[00:38:22] Jeff Sieh: Yep. That is very, you know, and that also reading those contracts, because more and more I’ve seen brand deals come through when you read this fine print, they say you can’t do any competitor’s products for like 60 days or, you know, half a year something.

[00:38:37] So be real, read all that stuff. And, and most of the time when I’ve had stuff happen like that, I’ve able to go and say like, I’m not doing that. Like, change the contract. Right. And most of the time, a lot of times I’ve found they’ll do that because they really want you to talk about

[00:38:50] their product or something.

[00:38:51] Peg Fitzpatrick: You can say, if, you know, I need this to be changed or my rate is triple right, .

[00:38:56] Jeff Sieh: Yeah. So we talk about that a lot with Amazon stuff because if they start giving me [00:39:00] direction on how to shoot a video, then that becomes a paid thing. And my rates really shoot up because I don’t want to have to deal with going back and forth with the brand.

[00:39:07] If they, if I am, they’re gonna have to pay me. The other thing is, is if they say We want to use this video, on our own social channels. . , we wanna have the rights to it. Well then you really jack the rates up because you’re losing out on any stuff that you would have for your own channel. So, always, always read the contract, always, you know, make sure you understand what the brand is really asking for, and be very clear, like if they’re giving you something, like if I have a product that somebody wants to send me and I really want it like a woodworking something or other, I’m very clear like, thank you for this product.

[00:39:41] You have no direction on me. Saying, saying, how do you want this shot? Or, you know, any of that stuff. It’s just like, I will do it the way I want to. When you move into directing me, that’s a whole another price level.

[00:39:53] Peg Fitzpatrick: If you wanna gimme a script and I’m doing X, that costs more. Yeah. It, it is, everything is negotiable and everything they add [00:40:00] on costs more.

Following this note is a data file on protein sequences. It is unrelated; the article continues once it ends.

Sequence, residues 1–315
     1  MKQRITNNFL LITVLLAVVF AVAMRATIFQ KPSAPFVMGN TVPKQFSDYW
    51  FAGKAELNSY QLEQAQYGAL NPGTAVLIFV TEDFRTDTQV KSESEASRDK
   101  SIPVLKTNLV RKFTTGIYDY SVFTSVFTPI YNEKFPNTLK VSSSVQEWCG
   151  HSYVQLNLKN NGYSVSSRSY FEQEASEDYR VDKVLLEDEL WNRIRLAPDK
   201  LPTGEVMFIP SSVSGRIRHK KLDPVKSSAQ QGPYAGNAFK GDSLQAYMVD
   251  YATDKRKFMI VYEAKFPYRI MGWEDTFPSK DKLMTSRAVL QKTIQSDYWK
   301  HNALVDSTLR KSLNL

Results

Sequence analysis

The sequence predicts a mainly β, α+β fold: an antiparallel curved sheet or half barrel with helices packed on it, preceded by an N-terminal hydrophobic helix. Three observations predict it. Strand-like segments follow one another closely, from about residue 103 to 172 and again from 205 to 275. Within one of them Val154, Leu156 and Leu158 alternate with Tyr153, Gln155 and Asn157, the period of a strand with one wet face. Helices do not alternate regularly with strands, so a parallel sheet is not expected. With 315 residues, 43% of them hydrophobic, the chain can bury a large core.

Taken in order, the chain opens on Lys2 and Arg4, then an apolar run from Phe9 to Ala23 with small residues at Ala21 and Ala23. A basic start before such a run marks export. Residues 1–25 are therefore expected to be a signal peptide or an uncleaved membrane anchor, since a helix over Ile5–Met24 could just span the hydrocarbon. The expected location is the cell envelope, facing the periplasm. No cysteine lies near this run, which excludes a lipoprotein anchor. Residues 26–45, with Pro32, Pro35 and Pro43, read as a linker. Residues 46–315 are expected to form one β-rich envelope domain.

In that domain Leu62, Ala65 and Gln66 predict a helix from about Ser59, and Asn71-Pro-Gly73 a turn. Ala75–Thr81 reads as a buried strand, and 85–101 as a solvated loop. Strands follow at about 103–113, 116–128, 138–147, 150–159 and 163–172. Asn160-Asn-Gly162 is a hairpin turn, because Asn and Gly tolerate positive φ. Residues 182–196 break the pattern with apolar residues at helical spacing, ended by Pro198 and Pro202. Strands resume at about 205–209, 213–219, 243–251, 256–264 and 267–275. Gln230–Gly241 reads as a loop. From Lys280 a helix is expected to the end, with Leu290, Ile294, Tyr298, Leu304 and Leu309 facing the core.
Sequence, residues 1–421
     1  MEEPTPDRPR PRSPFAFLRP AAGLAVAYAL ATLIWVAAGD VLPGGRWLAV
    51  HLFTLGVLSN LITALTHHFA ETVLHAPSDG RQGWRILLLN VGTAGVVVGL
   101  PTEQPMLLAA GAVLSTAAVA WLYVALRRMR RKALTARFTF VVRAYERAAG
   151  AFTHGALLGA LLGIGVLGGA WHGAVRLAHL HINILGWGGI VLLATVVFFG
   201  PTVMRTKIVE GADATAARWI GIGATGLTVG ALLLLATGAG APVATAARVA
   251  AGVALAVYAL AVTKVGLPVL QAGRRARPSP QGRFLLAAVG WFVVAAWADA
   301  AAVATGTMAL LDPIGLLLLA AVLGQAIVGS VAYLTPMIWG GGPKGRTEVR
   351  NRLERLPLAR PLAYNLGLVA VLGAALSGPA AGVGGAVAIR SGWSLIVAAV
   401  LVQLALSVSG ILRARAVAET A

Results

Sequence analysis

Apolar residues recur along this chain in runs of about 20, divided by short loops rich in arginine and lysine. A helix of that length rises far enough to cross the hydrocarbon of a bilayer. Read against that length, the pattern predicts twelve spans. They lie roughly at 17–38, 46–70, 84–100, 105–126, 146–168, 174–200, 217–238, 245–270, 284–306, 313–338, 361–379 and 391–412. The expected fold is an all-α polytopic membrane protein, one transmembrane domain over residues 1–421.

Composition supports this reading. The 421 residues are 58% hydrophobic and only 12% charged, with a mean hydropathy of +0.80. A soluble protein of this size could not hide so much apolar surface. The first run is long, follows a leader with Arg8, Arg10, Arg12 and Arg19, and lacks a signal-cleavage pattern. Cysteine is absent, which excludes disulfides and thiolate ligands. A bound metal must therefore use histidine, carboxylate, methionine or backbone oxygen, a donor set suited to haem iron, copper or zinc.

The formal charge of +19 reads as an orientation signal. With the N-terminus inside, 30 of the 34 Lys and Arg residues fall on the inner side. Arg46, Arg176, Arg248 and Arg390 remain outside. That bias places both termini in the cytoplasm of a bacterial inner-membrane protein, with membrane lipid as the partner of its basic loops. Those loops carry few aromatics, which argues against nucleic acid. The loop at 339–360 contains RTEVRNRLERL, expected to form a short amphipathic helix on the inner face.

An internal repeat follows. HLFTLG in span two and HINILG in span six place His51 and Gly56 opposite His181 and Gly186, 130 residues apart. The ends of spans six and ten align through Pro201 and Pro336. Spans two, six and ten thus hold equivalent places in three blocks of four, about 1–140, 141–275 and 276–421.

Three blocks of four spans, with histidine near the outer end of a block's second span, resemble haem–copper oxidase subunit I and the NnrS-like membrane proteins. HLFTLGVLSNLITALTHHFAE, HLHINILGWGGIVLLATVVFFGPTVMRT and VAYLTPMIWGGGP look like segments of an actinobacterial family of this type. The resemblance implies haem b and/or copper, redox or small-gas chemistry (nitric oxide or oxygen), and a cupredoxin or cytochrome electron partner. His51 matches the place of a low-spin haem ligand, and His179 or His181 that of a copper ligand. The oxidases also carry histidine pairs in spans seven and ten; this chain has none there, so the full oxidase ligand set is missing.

[00:40:01] So if they wanna give you a script, if they’re giving you, you know, if they wanna just send you product and you do your thing, that’s a okay. But you do just have to look for all of the, the fine print and stuff, like exclusivity and, and

[00:40:13] if they don’t have a contract, be wary and ask for. So, yeah, don’t just

[00:40:17] like, yeah, I would say most of ’em have contracts cuz they really want the right to post up on their channels.

[00:40:22] Jeff Sieh: Well, I’m, yeah. My thing is, it’s like what I was talking about through Amazon, they’ll just send you stuff like, make sure you get a contract if things are going just to protect you in the long run. So,

[00:40:32] Peg Fitzpatrick: The other piece, so this is really a whole other show, is when you do branded content, you do need to make sure that you’re disclosing it.

[00:40:38] And if brands are asking you not to disclose that you’re working with ’em, that is a huge flag. Yeah. Flag. Flag. I won’t work with brands. I, I had a brand who was sending me stuff and wanted, you know, they were like, you know, they wanted all these people to be brand ambassadors for them, but they didn’t want.

[00:40:55] you to tell that, that you were working with ’em. . and I was like, I’m [00:41:00] done. Thanks anyway. But you know, and I actually had a call with their social media team to talk about all this stuff cuz they were new and they didn’t know how to do this. I’m like, you guys are asking people to do this and it’s really not okay.